Unsung Grande Ballroom greats dust off the gear
Published: June 6, 2012
Savage Grace and Jagged Edge play the Magic Bag, 22920 Woodward Ave., Ferndale; 248-544-3030, on Friday, June 8.
Think Grande Ballroom, and the MC5, the Stooges, the Rationals, the Amboy Dukes and Alice Cooper spring to mind. Perhaps the SRC, Frost and Mitch Ryder's Detroit too. Those who were there will recall shows by Cream, Jimi Hendrix, Fleetwood Mac and the Who. But there were a few bands — many of whom were as eyebrow-raising as the aforementioned — that didn't hit such levels of notoriety, including the Chosen Few, Frut, Jagged Edge, and Savage Grace. But the latter band was as deserving of attention as anyone.
Some backstory: Savage Grace first came together as the Scarlet Letter in 1968, though the name was changed when former Hideaways singer Al Jacquez joined shortly afterward. Armed with truckloads of Midwestern work ethic, the group rehearsed six days a week for months.
"We were Midwestern boys so we rehearsed and worked," Jacquez says now.
Possibly because of the band's name, they were tagged as a hard-rock band from the start, but the sound had as much to do with R&B and the Beatles.
"I'd gotten into thinking of rock 'n' roll as a way to use my musical gifts when the Beatles came out, so that was an influence, that whole English invasion," Jacquez says. "Then my guitar teachers pointed out that, if we were interested in the English cats, why not check out the people that they were emulating. Sure enough, people like B.B. King, Albert King, Howlin' Wolf, Muddy Waters, and then obviously Motown writers like Smokey Robinson and people like that came up real fast. I never really thought about what kind of a band I was in other than it being a rock band. We weren't going after any demographic. That's not how we approached the music."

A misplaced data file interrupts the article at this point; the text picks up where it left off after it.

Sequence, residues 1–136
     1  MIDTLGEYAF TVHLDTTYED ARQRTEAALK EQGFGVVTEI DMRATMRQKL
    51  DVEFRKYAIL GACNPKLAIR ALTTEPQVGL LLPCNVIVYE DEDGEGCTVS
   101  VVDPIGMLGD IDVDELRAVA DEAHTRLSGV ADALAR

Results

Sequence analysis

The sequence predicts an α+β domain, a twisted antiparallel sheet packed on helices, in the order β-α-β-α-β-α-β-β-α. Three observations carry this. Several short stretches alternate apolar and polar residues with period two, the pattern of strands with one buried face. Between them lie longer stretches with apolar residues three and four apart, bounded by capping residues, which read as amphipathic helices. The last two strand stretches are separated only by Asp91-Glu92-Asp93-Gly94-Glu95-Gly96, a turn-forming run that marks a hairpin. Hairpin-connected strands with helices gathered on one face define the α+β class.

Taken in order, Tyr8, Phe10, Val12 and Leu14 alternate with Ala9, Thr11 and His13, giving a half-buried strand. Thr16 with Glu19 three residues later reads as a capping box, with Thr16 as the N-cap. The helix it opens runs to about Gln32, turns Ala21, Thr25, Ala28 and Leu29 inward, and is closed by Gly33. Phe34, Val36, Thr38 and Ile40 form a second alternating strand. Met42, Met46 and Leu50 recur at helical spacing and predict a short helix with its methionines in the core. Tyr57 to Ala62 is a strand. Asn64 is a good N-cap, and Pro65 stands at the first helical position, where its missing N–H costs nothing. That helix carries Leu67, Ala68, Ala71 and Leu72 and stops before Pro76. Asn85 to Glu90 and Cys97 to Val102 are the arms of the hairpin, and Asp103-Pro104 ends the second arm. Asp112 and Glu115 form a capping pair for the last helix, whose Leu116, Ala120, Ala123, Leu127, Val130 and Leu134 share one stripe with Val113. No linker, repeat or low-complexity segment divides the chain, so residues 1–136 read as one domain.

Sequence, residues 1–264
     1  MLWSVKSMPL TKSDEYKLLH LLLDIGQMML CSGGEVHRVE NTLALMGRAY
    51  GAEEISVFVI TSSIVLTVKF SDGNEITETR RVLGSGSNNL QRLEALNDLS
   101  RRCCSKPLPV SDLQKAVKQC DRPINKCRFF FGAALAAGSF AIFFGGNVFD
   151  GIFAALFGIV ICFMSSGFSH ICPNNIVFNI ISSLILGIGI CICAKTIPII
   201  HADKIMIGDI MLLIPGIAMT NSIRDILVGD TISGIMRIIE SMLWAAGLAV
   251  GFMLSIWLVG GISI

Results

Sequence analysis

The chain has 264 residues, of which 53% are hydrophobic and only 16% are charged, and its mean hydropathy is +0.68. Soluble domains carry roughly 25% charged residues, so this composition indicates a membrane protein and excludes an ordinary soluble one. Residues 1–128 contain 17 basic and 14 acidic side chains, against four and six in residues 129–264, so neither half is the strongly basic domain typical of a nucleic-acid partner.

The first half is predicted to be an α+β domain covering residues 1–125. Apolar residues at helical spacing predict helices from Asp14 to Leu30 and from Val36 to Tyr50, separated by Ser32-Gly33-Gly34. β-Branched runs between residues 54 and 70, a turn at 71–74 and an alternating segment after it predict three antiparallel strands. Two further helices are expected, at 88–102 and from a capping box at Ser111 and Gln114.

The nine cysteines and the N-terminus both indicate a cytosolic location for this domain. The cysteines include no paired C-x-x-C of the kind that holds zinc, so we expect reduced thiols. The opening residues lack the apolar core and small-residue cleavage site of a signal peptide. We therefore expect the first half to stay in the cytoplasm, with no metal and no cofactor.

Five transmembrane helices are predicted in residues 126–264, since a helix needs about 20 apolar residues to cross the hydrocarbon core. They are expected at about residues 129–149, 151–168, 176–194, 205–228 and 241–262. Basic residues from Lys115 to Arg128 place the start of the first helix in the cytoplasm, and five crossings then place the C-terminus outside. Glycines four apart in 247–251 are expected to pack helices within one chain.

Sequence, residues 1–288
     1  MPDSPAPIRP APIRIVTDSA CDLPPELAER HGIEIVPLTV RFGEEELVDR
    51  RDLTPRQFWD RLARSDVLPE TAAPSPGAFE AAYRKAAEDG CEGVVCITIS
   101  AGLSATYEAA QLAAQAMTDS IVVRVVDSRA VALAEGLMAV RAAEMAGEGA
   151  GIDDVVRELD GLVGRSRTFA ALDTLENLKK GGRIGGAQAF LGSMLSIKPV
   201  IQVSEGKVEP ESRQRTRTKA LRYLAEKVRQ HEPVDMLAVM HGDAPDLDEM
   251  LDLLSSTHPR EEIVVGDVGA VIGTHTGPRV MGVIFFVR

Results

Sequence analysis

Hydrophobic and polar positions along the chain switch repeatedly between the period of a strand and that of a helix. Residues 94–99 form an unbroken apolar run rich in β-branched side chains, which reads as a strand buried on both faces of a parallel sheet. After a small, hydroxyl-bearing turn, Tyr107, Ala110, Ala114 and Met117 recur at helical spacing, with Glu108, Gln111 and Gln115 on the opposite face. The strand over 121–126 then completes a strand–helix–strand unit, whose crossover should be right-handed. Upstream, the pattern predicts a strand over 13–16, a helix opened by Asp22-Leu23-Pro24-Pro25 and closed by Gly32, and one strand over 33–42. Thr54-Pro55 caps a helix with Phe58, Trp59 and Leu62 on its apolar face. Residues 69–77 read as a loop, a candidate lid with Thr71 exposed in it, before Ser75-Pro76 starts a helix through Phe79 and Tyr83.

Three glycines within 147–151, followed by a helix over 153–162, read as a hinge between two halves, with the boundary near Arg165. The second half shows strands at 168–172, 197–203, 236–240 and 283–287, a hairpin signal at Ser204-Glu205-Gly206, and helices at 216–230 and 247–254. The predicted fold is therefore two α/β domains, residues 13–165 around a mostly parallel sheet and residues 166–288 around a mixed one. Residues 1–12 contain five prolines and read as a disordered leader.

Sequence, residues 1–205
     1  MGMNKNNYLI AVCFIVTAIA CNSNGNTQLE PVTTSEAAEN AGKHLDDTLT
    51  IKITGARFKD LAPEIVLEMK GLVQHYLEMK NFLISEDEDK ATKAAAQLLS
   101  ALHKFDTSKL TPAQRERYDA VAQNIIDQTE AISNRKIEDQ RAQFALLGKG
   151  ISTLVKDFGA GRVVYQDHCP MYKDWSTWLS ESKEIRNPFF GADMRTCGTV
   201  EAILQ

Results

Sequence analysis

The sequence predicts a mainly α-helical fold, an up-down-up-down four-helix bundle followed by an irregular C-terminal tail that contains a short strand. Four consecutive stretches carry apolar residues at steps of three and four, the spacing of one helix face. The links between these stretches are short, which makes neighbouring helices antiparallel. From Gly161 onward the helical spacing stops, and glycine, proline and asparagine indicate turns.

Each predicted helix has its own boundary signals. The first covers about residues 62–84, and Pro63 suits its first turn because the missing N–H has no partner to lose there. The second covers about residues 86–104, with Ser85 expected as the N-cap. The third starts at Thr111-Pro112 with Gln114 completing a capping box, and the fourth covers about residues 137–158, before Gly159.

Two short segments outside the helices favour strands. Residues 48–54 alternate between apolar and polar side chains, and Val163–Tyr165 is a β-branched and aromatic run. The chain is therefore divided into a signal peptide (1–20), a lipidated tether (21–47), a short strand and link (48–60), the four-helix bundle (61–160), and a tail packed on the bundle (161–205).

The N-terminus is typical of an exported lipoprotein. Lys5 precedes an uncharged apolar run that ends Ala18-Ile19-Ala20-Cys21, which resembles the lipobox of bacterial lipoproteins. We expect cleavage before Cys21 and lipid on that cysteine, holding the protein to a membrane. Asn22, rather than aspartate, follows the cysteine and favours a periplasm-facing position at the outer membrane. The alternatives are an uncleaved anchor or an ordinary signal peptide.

Jacquez recalls the Grande Ballroom as being a "marvelous" place. "I remember the first time walking up those steps with some gear and thinking that the place was a music palace," he says. "People would tell you that they used to have big swing bands in there. It was a great place to play and the audience was great. They were very demanding and very attentive. They would get close to the stage so you could see them and work off of them, so it was a very organic feeling. Some of the bands that came in from England loved it ... "
The band, completed by late guitarist-songwriter Ron Koss, guitarist John Seanor and drummer Larry Zack, created a decent buzz for about three years, and toured with Jimi Hendrix.
"Jimi thought people looked upon him as a great clown during that period of time," Jacquez says. "I remember one show; he played a great set but the pyrotechnics and all that was not part of the show. I remember sitting outside the warm-up room listening to him and thinking, this guy can really play. It's nothing to do with clothes and drugs. He could really play. Unfortunately, it wasn't too long after our tour that he died."